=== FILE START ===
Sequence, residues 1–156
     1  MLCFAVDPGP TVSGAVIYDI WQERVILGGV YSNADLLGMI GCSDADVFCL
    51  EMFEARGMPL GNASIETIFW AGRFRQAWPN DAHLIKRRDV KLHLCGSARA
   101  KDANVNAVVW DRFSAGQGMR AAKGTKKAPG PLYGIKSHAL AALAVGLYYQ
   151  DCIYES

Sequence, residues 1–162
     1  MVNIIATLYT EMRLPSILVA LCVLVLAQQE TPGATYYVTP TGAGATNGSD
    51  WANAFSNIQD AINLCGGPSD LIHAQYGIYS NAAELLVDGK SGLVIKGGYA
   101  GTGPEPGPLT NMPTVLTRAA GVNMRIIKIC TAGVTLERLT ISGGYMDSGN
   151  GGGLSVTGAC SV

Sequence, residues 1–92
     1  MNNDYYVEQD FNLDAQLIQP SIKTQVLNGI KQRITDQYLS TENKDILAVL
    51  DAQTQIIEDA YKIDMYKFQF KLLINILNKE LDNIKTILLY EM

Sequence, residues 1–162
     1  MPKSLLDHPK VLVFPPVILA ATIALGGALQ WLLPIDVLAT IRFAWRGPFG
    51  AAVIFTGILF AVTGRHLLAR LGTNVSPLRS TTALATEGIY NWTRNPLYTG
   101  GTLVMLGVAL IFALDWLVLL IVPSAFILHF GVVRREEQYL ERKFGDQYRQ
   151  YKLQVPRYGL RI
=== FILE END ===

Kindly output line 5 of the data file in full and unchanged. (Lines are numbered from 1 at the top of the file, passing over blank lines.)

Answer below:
   151  DCIYES